Ramon Hamilton, director of Smuggled, answers questions about the production of his movie. (Natassia Bonyanpour/Borderzine.com)

‘Smuggled’ – film depicts the torture and terror suffered by immigrants crossing illegally into the U.S.

EL PASO – With a rosary dangling from her wrist and bible in hand, a mother and her 10-year-old son sit in a concealed compartment under a bus making its route from Mexico to the United States in hopes of being reunited with the child’s father. For days, they endure the strain of possibly being discovered, and the physiological stress of a lack of hygienic, food ration troubles, and the mother’s critical diabetic condition. This is the premise for the film, Smuggled, screened at University of Texas at El Paso by the Social Justice Initiative. The plot gives insight into the dangerous journey that many immigrants undergo despite fatal or legal risks. Director of The Social Justice Initiative, Arvind Singhal, said he brought the film to the campus because of its relevance to the border city.

Afghan women work in sewing factories to make uniforms and blankets for their military. Afghanistan, 2011 (Photo Courtesy of Andrea Salazar)

Picturing the people and ruins of Afghanistan

EL PASO — Afghan women sit one behind another, feeding tan thread into their sewing machines, looking down at their work in concentration, while one gazes through the slit of her Hijab, her dark eyes piercing the camera lens. This was a photo taken by El Paso native Andrea Salazar during her deployment two years ago. Joining the Air Force in 2009, Salazar has captured images from different parts of the world as a combat photographer in the military. “I never thought about joining in high school,” Salazar said. “When I worked at Ft.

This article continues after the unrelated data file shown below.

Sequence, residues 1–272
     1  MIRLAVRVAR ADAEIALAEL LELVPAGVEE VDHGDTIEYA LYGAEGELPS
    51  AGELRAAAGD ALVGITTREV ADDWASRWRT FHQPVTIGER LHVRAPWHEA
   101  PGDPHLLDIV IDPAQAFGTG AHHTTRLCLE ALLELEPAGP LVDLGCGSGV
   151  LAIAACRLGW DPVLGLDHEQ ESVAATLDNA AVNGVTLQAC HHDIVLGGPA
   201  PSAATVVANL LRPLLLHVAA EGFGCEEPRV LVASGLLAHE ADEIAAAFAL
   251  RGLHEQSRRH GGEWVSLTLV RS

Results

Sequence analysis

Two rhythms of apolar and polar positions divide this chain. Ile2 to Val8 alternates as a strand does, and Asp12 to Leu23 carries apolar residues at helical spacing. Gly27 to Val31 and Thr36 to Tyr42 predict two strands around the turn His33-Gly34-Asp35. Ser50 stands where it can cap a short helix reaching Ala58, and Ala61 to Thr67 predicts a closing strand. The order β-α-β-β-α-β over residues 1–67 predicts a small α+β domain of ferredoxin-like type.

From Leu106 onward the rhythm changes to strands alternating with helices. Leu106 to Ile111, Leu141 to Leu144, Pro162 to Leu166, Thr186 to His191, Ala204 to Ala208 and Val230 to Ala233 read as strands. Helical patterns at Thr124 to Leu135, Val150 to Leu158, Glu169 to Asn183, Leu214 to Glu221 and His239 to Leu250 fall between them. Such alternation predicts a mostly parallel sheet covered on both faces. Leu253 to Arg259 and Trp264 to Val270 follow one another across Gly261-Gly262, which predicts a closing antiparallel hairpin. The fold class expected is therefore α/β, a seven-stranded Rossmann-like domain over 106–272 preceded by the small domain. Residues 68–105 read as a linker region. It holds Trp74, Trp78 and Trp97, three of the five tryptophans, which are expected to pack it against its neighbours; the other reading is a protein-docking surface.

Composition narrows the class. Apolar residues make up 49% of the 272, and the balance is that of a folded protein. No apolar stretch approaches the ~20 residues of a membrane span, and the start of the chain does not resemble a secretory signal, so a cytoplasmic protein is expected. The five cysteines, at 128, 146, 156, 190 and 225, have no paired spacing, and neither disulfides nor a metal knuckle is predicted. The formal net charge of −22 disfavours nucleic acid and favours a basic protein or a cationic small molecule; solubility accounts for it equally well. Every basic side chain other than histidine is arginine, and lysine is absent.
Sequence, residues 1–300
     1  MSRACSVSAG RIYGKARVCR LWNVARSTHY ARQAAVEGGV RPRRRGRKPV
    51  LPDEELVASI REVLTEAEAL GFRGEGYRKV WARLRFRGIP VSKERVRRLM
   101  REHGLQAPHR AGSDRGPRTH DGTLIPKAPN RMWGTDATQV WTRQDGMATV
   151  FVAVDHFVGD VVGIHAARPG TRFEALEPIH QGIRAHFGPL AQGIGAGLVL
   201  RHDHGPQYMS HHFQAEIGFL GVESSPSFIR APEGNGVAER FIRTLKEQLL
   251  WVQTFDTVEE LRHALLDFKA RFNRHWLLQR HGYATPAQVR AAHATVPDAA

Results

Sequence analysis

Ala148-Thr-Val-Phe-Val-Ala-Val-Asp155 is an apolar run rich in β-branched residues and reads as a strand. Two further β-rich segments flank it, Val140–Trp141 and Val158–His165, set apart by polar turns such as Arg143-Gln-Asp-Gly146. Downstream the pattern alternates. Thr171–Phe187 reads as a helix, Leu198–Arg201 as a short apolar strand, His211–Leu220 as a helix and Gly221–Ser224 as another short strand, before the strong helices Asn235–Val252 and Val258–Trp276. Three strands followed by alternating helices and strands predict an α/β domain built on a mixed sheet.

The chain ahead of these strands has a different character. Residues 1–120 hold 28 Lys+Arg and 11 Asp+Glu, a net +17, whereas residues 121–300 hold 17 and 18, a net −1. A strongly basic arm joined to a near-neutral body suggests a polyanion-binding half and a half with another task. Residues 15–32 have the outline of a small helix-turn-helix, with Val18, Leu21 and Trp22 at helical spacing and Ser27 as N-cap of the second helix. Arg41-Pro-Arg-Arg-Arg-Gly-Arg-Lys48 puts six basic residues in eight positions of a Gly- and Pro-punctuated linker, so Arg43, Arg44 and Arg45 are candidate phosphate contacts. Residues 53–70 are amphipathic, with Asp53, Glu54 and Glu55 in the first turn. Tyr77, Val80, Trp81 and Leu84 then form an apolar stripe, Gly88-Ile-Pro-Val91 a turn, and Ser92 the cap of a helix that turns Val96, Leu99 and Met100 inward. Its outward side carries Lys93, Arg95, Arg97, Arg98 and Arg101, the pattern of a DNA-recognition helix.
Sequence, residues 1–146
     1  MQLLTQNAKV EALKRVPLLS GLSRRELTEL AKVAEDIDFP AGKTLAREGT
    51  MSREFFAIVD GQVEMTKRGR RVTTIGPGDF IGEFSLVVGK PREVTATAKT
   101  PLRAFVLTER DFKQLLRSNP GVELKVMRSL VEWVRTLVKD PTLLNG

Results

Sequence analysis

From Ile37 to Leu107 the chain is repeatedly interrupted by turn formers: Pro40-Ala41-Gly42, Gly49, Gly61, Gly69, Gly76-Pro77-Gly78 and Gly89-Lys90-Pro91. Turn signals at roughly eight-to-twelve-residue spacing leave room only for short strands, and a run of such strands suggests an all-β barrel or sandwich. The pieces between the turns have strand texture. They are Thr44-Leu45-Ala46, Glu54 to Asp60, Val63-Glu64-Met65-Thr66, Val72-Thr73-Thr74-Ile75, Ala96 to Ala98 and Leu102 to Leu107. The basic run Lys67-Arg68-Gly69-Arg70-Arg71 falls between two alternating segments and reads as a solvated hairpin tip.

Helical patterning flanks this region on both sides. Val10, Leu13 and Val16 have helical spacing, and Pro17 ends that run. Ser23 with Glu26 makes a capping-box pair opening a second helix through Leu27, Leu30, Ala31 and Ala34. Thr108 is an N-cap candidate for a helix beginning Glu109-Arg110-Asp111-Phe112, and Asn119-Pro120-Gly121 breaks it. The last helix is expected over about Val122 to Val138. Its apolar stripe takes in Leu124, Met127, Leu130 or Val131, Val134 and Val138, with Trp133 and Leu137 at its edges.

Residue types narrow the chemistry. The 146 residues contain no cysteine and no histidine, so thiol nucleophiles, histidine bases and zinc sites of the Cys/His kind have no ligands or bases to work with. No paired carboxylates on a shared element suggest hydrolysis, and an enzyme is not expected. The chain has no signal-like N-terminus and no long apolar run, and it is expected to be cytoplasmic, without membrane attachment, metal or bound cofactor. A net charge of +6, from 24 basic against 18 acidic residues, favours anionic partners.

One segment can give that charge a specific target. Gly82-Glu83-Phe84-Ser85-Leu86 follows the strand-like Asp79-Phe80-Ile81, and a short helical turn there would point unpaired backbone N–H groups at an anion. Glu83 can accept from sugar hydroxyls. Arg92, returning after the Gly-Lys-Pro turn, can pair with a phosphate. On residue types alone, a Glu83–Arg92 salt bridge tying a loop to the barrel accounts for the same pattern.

Giving a voice to immigration reform

EL PASO – Downtown vendors stood motionless at the doorways of their stores and shoppers stopped in their tracks on an early afternoon in April. Only the faint protest of marchers could be heard heading up El Paso street, but with each step closer their voices became strong and loud. “Sí se puede. Yes we can!” they shouted, “Obama, escucha, estamos en la lucha (Listen Obama, we are in a struggle).”

BNHR, based in El Paso, is a human rights advocacy organization that is primarily active in immigration and border policy. The group which represents 700 families, helped organize this event, in addition to several others around the city.

After arriving at the shelter boys and girls experience a transformation. (Natassia Bonyanpur/Borderzine.com)

Praying for a city of peace and restoring faith in Juarez’s children

El Paso – Momentous in stature, the white letters can be seen from each curve of the Rio Grande from the campus of The University of Texas at El Paso.  The tall white coated letters contrast against the opaque, rough terrain of the mountain that encompasses it. The painted words on the Ciudad Juarez’ hillside read, “ La Biblia es la verdad. Léela”. These words translate to ‘The bible is truth.